Revealed: Home Office ‘outsourcing’ surveillance to far-right Henry Jackson Society

2018-03-07T17:16:13+00:00 August 9th, 2017|Press Release|

London – A recent High Court Judgement has exposed how the British Government outsources the designation of “extremists” for security purposes to the right-wing charity the Henry Jackson Society (HJS).

The HJS has several well-publicised right-wing links. It has been accused of generating Islamophobia, and it is known as an illiberal organisation which supports military intervention around the world.

In the case of Dr Salman Butt v Home Office, it was revealed that the PREVENT strategy uses information gathered by the opaque and covert Extremism Analysis Unit (EAU) to identify “extremists”. The EAU in turn uses information on individuals and organisations produced and provided by the HJS.

CAGE is today releasing a comprehensive report analysing the workings of the EAU and its implications for society. You can read the report below.

Download the report

Ibrahim Mohamoud, CAGE Spokesperson, said:

“A matter that has dire implications for the rights of individuals and organisations is being outsourced to right-wing units and organisations. In this way, the Home Office itself has become part of the generation of Islamophobia and the status of these shadowy groups becomes a matter of urgent concern.”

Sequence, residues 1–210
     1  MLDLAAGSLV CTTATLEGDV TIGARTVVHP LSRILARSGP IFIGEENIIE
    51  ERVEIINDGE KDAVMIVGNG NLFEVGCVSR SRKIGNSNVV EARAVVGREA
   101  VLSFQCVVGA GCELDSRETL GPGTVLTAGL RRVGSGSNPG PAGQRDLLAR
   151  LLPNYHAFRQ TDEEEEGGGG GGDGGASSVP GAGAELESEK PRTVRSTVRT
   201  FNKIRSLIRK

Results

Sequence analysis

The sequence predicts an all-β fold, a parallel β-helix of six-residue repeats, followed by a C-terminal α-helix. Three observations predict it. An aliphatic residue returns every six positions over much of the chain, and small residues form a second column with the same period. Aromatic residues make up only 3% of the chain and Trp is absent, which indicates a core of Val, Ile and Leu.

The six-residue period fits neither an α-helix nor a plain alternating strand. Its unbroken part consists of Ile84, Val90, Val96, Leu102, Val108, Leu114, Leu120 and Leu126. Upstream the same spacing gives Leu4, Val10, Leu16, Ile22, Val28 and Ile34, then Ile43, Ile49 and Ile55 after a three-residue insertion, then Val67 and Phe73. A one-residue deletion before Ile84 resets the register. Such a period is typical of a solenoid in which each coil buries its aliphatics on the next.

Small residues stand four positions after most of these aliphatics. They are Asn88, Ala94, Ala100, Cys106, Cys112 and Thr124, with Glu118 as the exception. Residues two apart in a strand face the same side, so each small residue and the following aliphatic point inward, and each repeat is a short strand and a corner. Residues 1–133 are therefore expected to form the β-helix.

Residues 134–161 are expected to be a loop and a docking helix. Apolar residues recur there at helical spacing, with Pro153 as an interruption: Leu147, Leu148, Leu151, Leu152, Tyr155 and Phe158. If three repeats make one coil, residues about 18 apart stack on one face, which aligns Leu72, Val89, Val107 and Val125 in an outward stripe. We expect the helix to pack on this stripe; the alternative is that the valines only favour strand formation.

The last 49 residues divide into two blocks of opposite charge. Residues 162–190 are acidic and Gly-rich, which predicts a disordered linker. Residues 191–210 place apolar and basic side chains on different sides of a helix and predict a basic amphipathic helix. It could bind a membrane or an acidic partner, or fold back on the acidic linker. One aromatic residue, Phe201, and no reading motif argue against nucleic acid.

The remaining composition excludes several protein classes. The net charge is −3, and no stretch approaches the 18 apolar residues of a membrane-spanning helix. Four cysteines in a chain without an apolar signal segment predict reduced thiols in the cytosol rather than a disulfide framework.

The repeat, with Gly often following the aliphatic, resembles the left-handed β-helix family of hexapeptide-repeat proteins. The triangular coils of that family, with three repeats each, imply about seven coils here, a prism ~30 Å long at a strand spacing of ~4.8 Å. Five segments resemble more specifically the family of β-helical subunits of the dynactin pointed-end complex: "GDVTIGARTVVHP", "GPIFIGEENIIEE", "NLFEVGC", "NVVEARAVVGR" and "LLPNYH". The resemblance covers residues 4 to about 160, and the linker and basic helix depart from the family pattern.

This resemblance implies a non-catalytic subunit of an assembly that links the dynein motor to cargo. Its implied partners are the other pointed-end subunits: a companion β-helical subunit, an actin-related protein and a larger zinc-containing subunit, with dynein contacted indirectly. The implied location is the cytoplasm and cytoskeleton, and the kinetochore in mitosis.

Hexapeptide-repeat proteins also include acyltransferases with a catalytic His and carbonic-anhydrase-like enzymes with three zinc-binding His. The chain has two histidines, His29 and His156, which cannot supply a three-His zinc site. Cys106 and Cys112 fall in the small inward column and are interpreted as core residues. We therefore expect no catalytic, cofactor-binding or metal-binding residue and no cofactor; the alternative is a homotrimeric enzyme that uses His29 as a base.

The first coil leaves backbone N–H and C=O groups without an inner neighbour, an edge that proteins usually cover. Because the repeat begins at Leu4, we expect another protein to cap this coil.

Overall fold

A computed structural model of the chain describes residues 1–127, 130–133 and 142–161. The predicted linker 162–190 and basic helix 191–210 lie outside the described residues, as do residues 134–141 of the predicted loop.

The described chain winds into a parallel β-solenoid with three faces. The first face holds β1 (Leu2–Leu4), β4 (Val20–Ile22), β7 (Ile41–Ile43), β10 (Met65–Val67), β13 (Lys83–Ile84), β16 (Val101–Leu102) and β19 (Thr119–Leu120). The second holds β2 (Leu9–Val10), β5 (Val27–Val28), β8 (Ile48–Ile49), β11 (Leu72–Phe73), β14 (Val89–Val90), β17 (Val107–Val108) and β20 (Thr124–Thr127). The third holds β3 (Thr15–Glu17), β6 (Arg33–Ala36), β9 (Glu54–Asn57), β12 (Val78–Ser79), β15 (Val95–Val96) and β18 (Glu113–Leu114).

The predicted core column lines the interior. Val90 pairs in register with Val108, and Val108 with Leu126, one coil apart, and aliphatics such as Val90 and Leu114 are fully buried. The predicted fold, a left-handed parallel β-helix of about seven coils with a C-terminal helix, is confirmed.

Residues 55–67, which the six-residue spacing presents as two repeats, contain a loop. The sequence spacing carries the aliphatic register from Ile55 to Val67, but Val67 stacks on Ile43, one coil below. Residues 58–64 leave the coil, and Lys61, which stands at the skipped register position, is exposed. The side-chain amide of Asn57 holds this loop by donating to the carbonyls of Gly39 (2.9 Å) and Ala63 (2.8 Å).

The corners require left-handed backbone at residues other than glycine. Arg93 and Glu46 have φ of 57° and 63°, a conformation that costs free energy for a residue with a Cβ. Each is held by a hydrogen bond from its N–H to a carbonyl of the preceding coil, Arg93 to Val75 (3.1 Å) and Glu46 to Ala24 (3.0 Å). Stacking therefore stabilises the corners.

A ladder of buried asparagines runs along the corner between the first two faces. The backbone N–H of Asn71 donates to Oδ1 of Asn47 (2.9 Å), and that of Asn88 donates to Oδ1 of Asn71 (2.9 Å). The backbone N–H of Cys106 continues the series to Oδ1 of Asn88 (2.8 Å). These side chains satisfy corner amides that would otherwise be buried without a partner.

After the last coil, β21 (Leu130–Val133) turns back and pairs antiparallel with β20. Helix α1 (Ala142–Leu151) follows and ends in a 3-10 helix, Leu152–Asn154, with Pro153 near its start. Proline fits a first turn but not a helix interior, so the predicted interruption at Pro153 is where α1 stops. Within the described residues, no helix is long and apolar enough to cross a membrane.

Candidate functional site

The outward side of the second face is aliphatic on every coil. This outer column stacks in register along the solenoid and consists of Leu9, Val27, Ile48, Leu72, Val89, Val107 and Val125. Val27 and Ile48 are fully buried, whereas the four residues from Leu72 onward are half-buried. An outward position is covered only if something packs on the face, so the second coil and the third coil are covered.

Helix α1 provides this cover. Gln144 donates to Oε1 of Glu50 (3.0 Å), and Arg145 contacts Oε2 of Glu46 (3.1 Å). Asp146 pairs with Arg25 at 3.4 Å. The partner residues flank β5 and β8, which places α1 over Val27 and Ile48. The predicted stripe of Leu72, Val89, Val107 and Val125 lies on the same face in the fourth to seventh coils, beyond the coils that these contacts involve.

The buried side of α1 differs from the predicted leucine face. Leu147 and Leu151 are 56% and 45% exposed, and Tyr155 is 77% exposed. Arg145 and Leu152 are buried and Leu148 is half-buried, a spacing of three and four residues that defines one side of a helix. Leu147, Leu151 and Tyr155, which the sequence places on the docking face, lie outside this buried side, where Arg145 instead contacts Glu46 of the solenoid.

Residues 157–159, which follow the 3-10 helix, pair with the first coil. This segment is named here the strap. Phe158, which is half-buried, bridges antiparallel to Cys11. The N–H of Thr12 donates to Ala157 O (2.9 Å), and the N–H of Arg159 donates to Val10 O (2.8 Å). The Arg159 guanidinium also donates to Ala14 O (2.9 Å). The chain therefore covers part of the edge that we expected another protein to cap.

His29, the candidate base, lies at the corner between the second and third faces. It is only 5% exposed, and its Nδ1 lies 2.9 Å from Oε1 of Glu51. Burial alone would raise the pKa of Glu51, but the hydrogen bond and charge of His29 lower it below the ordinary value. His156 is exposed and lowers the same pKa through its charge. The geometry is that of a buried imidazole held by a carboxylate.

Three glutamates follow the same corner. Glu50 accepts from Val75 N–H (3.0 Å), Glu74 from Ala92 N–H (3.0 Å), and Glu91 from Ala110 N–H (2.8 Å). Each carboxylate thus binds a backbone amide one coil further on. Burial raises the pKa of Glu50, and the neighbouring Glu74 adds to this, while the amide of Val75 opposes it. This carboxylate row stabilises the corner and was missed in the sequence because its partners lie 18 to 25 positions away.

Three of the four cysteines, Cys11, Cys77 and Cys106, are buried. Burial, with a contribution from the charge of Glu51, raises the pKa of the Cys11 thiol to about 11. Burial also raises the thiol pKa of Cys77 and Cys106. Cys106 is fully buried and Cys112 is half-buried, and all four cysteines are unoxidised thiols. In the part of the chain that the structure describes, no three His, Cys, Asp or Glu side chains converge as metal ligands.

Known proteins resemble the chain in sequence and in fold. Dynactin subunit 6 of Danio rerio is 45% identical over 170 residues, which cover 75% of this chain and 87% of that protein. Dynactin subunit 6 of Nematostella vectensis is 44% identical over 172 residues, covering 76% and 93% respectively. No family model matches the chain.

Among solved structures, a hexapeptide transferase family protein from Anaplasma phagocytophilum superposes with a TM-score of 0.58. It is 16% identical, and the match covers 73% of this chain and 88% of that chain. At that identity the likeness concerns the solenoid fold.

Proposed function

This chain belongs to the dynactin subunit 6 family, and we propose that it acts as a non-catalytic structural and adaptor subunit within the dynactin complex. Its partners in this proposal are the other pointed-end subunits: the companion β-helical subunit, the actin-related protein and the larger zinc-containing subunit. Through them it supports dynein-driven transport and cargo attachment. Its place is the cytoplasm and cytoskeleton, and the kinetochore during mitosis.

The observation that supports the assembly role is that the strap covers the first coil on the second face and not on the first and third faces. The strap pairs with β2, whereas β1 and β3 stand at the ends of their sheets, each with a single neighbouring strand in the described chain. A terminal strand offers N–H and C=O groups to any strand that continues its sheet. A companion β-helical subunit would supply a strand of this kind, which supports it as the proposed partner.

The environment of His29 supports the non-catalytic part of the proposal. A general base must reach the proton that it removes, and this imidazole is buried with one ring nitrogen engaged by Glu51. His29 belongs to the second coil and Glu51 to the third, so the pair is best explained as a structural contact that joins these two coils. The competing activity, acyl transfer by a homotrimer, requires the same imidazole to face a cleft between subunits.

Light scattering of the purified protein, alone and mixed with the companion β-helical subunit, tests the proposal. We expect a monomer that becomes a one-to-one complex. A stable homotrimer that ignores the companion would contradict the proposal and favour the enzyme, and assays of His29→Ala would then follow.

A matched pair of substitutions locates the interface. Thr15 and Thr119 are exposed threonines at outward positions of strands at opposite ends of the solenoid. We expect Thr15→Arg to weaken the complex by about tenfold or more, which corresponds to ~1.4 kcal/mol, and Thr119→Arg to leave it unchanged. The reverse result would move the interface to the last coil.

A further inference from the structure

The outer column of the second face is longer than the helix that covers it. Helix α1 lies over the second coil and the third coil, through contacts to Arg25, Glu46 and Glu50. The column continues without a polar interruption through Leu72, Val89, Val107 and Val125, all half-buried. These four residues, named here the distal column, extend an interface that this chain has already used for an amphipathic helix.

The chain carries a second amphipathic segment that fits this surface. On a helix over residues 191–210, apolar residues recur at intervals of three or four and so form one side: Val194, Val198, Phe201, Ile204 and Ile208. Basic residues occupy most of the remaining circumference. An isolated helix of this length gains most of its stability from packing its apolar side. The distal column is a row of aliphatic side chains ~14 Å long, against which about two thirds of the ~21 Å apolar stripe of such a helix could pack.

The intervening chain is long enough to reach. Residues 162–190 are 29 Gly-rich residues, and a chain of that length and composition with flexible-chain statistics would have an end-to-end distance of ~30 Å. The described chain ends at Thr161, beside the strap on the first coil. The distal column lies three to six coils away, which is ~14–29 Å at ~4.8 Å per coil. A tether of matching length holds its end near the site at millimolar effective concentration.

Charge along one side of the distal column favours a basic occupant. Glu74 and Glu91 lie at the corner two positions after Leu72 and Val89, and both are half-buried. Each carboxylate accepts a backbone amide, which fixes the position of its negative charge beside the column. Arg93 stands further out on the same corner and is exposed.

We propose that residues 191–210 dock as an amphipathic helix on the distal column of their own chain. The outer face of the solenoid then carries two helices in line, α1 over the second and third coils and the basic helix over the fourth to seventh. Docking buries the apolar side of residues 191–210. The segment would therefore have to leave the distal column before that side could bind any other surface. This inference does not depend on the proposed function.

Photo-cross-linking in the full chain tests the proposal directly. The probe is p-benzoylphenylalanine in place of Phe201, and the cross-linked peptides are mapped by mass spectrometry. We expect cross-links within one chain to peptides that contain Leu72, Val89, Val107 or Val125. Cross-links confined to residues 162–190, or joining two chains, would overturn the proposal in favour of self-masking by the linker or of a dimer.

“This case has exposed the inner workings of the EAU and how it relies on neo-conservative think-tanks to understand “extremism”. These include the Centre for Social Cohesion and the Henry Jackson Society. The views of these organisations are rooted in a perception that the West is at war with Islam, and their leaders betray a deep mistrust of Muslims.”

“The Home Office appears to be adopting the views of Douglas Murray, HJS Associate Director, who in 2006 said ‘conditions for Muslims in Europe must be made harder across the board’. Such an approach does little for community relations and indeed will more than likely have a counterproductive effect.”

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(NOTE: CAGE represents cases of individuals based on the remit of our work. Supporting a case does not mean we agree with the views or actions of the individual. Content published on CAGE may not reflect the official position of our organisation.)